Research Article | Open Access

# Common Fixed Point Theorems of Contractions in Partial Cone Metric Spaces over Nonnormal Cones

**Academic Editor:**Sehie Park

#### Abstract

We prove some common fixed point theorems of contractions restricted with variable positive linear bounded mappings in -complete partial cone metric spaces over nonnormal cones and present some examples to support the usability of our results.

#### 1. Introduction

In 2007, Huang and Zhang [1] introduced cone metric spaces, being unaware that they already existed under the name -metric and -normed spaces that were introduced and used in the middle of the 20th century in [2â€“9]. In both cases, the set of real numbers was replaced by an ordered Banach space . However, Huang and Zhang went further and defined the convergence via interior points of the cone by which the order in is defined. This approach allows the investigation of cone spaces in the case that the cone is not necessarily normal. Since then, there were many references concerned with fixed point results and common fixed point results in cone metric spaces over a nonnormal cone (see [10â€“18]). In 2012, based on the definition of cone metric spaces and partial metric spaces introduced by Matthews [19], Sonmez [20, 21] defined a partial cone metric space and proved some fixed point theorems of contractions restricted with constants in complete partial cone metric spaces over normal cones. Recently, without using the normality of the cone, Malhotra et al. [22] and Jiang and Li [23] extended the results of [20, 21] to -complete partial cone metric spaces. In addition, the contractions considered in [23] are not necessarily restricted with constants but restricted with positive linear bounded mappings.

In this paper, we prove some common fixed point theorems of contractions restricted with variable positive linear bounded mappings in *-*complete partial cone metric spaces over nonnormal cones, which improve the recent results of [22, 23].

#### 2. Preliminaries

Let be a topological vector space. A cone of is a nonempty closed subset of such that for each and each , and , where is the zero element of . A cone of determines a partial order on by for each . In this case, is called an ordered topological vector space.

A cone of a topological vector space is solid if intâ€‰, where intâ€‰ is the interior of . For each with intâ€‰, we write . Let be a solid cone of a topological vector space . A sequence of weakly converges [22] to (denote ) if, for each intâ€‰, there exists a positive integer such that for all .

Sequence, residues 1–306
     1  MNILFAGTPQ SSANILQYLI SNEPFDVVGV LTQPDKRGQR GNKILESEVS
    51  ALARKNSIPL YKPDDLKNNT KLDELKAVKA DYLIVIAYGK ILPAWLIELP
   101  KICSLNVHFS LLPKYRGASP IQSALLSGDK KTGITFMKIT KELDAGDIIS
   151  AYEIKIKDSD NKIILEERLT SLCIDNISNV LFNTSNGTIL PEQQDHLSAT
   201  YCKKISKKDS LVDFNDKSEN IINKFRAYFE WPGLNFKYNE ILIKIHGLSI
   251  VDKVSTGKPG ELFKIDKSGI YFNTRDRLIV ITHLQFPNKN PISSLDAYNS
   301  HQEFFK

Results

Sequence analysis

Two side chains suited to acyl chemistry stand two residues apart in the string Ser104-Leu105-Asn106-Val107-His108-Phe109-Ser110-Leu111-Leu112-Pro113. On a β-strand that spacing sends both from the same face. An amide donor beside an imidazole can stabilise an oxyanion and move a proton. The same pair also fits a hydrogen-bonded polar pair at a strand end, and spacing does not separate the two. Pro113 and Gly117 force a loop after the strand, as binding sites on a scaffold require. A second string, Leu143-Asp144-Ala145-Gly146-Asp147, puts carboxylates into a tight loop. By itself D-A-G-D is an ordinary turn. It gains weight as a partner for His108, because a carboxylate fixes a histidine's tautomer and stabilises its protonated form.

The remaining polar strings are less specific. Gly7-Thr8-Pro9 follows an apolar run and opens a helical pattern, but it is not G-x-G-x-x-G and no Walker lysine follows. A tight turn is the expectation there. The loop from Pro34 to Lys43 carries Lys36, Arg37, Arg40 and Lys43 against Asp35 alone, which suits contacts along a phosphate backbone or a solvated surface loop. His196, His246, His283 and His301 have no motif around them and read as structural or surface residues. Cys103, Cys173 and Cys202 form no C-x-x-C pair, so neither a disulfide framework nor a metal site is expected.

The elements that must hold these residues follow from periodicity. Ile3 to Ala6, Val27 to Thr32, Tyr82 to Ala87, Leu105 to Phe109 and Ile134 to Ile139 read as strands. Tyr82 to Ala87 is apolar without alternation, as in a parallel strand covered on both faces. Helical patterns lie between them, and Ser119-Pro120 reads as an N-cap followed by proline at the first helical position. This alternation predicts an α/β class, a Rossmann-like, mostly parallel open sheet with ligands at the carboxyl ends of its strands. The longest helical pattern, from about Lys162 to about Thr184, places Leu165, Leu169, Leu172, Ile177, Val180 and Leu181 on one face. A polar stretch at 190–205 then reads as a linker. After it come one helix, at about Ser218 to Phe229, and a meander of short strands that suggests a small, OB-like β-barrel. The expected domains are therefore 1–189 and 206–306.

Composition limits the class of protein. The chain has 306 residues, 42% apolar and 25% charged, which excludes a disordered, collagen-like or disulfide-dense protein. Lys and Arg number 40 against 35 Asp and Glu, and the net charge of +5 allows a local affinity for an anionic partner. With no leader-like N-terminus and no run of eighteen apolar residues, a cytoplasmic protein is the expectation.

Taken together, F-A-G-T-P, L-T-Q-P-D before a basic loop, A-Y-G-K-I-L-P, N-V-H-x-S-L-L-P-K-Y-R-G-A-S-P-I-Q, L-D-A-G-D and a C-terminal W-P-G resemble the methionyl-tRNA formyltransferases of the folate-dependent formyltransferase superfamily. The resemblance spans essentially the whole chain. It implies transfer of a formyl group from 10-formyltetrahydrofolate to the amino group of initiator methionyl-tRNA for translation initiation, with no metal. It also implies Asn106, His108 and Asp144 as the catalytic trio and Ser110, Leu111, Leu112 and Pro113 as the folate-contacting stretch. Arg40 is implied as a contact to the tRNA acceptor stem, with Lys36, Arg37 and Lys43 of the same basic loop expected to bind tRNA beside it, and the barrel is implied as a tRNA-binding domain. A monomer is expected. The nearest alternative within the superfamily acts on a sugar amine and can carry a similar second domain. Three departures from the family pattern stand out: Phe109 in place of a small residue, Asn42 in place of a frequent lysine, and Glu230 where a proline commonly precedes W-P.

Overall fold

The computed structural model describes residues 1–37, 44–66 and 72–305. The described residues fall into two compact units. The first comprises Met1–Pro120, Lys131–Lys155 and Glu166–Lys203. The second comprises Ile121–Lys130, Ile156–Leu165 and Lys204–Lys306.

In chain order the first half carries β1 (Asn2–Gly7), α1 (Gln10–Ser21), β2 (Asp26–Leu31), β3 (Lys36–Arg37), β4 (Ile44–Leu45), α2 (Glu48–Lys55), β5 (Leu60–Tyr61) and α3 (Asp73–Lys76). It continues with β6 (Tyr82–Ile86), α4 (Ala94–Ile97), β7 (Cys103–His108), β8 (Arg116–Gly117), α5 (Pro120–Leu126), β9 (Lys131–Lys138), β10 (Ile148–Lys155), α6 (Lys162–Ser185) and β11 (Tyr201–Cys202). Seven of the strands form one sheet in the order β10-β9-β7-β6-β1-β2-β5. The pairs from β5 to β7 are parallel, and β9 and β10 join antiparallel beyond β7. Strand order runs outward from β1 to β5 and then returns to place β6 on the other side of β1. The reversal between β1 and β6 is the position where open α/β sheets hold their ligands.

A subset of a topological vector space is order-convex if for each with , where . An ordered topological vector space is order-convex if it has a base of neighborhoods of consisting of order-convex subsets. In this case, the cone is said to be normal. In the case of a normed vector space, this condition means that the unit ball is order-convex, which is equivalent to the condition that there is some positive number such that and implies that , and the minimal is called a normal constant of . Another equivalent condition is that It is not hard to conclude from (1) that is a nonnormal cone of a normed vector space if and only if there exist sequences such that which implies that the Sandwich theorem does not hold. However, the Sandwich theorem holds in the sense of weak convergence even if is a nonnormal cone.

Lemma 1 (Sandwich theorem). *Let be a solid cone of a topological vector space and . If
**
and there exists some such that and , then .*

*Proof. *By and , for each intâ€‰, there exists some positive integer such that, for all ,
Thus, by (3) and (4), we have for all ; that is, . The proof is completed.

The following lemma is needed in further arguments, which directly follows from Lemma 1 and Remark 1 of [23].

Lemma 2. *Let be a solid cone of a normed vector space . Then, for each sequence , implies . Moreover, if is normal, then implies .*

Let be a cone of a normed vector space and . The mapping is said to be a positive linear bounded mapping if , for each , and there exists some positive real number such that . In the sequel, and will denote the family of all positive linear bounded mappings and the identity mapping, respectively.

Lemma 3. *Let be a solid cone of a normed vector space , and . If and , then .*

*Proof. *Let , for all , where
It is clear that for all , and hence, for all , the inverse of exists (denoted by ). It follows from that for all for all , and then for all . By Lemma 2 and , for each int, there exists some positive integer such that for all . Note that for all implies that for all and each ; then, for all ; that is, . The proof is completed.

Let be a nonempty set and let be a cone of a topological vector space . A partial cone metric on is a mapping such that, for each ,(p1);(p2);(p3);(p4).

The pair is called a partial cone metric space over . A partial cone metric on over a solid cone generates a topology on which has a base of the family of open -balls , where for each and each intâ€‰.

Let be a partial cone metric space over a solid cone of a topological vector space . A sequence of converges to (denoted by ) if . A sequence of is -Cauchy, if . The partial cone metric space is -complete, if each -Cauchy sequence of converges to a point such that . Every complete partial cone metric space is -complete, but the converse may not be true (see [23]).

#### 3. Common Fixed Point Theorems

Let be a partial cone metric space. The mappings are called contractions restricted with variable positive linear bounded mappings if there exist such that In particular, if (6) holds with and , then and are called contractions restricted with positive linear bounded mappings.